Why Are Hedge Fund Managers Betting on This Energy Company?
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As the yearlong merger saga between Duke Energy (NYSE: DUK) and Progress Energy was coming to a close during the second quarter, many of the hedge funds we track took notice of both companies. The action in Progress was impressive. As more confidence grew for the approval of the merger, funds entered the company in droves. Of the funds we follow, eleven took new positions in 2Q, with two of these new funds choosing to make Progress close to 15% of their 2Q 13F portfolios. See all funds owning Progress Energy. Over this same time, nine funds chose to increase their preexisting positions in Progress and of these bulls, the most notable were Michael Messner and Israel Englander.
On the other side, those making bets on the $45 billion market cap conglomerate that would be left after the merger invested in Duke Energy. Common fund managers that also invested in Progress were Messner and Englander, with Jim Simons being the heavy hitter, so to speak. Simons owned the most shares of Duke of any firm we track, holding 5.4 million shares in his 13F portfolio.
Progressive Energy was up 9% year to date up to the merger. The company’s shares traded at a premium for some time, and at the time the merger was finalized the company traded at a 34 P/E.
The key benefits of the acquisition will be an expansion of Duke’s operations, which will give the company a dominant presence in the power-hungry Southeastern United States. Additionally, merger savings should prove well for EPS growth. The ultimate synergies are expected to be $300 million in savings for 2014, and should act as a major pillar to support a 4-6% EPS growth over the next two years. Duke is trading at a trailing P/E of 19 and a forward P/E of 14. Year-end EPS is expected to come in down 2.3%, but 2013 growth is expected to be 3.5%.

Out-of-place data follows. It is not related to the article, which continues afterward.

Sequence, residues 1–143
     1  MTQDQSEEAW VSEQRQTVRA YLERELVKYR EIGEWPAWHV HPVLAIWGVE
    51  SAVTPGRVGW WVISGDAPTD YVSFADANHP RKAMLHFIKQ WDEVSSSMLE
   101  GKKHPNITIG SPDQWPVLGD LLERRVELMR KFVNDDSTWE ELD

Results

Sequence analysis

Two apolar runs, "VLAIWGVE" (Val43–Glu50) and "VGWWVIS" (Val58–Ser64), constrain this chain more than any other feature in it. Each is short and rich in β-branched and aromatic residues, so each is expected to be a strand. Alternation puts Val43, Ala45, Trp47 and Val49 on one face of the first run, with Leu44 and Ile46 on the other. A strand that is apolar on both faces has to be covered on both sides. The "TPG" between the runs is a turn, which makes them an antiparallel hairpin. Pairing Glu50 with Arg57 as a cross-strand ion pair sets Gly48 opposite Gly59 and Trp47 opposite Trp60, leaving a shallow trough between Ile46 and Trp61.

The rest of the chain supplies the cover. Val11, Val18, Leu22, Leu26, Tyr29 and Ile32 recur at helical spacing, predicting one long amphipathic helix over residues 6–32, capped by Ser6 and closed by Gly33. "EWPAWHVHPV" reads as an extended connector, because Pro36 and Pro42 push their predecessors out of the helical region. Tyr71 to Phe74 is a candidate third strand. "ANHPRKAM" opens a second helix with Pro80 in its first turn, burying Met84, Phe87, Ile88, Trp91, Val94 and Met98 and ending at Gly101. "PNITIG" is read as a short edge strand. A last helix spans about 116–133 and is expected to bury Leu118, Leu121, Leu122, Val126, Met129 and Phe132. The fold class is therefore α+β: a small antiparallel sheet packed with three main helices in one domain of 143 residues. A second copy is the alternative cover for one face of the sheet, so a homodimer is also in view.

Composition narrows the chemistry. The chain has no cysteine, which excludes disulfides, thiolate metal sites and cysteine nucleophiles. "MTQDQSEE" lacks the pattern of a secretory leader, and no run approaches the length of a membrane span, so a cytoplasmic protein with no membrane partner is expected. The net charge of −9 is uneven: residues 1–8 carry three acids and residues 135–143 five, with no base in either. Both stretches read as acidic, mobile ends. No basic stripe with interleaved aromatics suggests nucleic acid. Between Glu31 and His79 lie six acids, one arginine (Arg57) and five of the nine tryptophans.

The Southern Company (NYSE: SO) is currently the next largest competitor for Duke, at a $40 billion market cap. The Southern Company is also on our list of utility stocks to buy for QE3, and trades in line with Duke on a P/E basis (18), and above most of their peers in the regulated electric utilities industry. From an income-standpoint, Southern Company pays a dividend yielding 4.3%, with a payout ratio (76.3%) below that of Duke Energy (90.1%). Next year, analysts are expecting Southern Company to expand its bottom line by 6.4%, giving the company a forward P/E of 16.
Other key companies that the Duke-Progress combo will be going head to head with are NextEra Energy (NYSE: NEE), Xcel Energy (NYSE: XEL) and Exelon Corporation (NYSE: EXC). NextEra, the North American electric generating company, trades at a trailing P/E of 14 and a forward P/E of 13. Although the company’s 2Q EPS beat estimates by 9%, its PEG ratio is 2.9, signaling that overvaluation might be in the cards.
Xcel and Exelon’s P/E ratios come in line with those of NextEra’s, and the companies’ trailing and forward ratios also trade in a tight range together. Xcel has a trailing P/E of 15, forward of 15; Exelon has a trailing P/E of 15, forward of 13. Based on the Street’s estimates, neither company appears to be worthy of taking investors from Duke. Xcel is expected to grow next year EPS by 3% but trades at a PEG of 3.1. Exelon’s 2012 EPS, meanwhile, is expected to decline by 30% from last year’s levels.
The historical returns of these three companies have been mixed. Year-to-date performance has NextEra up 13%, Xcel down 1% and Exelon down 19%, while both Southern Company and Duke are down around 3%. Worth noting is the low betas that utilities generally trade with, however, NextEra and Exelon appear to be outliers, as each have a beta of 0.52. This is nearly 60% higher than the industry average.
The question then becomes: which fund managers who invested in Progress may stay invested in Duke? At a beta of 0.32, Duke may take its time to reflect the earnings power and synergistic impacts of the merger, but patient investors will receive a dividend that yields 4.8%; we think the payoff could be worth the wait. Continue reading here for the entire hedge fund industry’s interest in the stock.
This article is written by Marshall Hargrave and edited by Jake Mann. They don't own shares in any of the stocks mentioned in this article. The Motley Fool has no positions in the stocks mentioned above. Motley Fool newsletter services recommend Exelon and Southern Company. Try any of our Foolish newsletter services free for 30 days. We Fools may not all hold the same opinions, but we all believe that considering a diverse range of insights makes us better investors. The Motley Fool has a disclosure policy.If you have questions about this post or the Fool’s blog network, click here for information.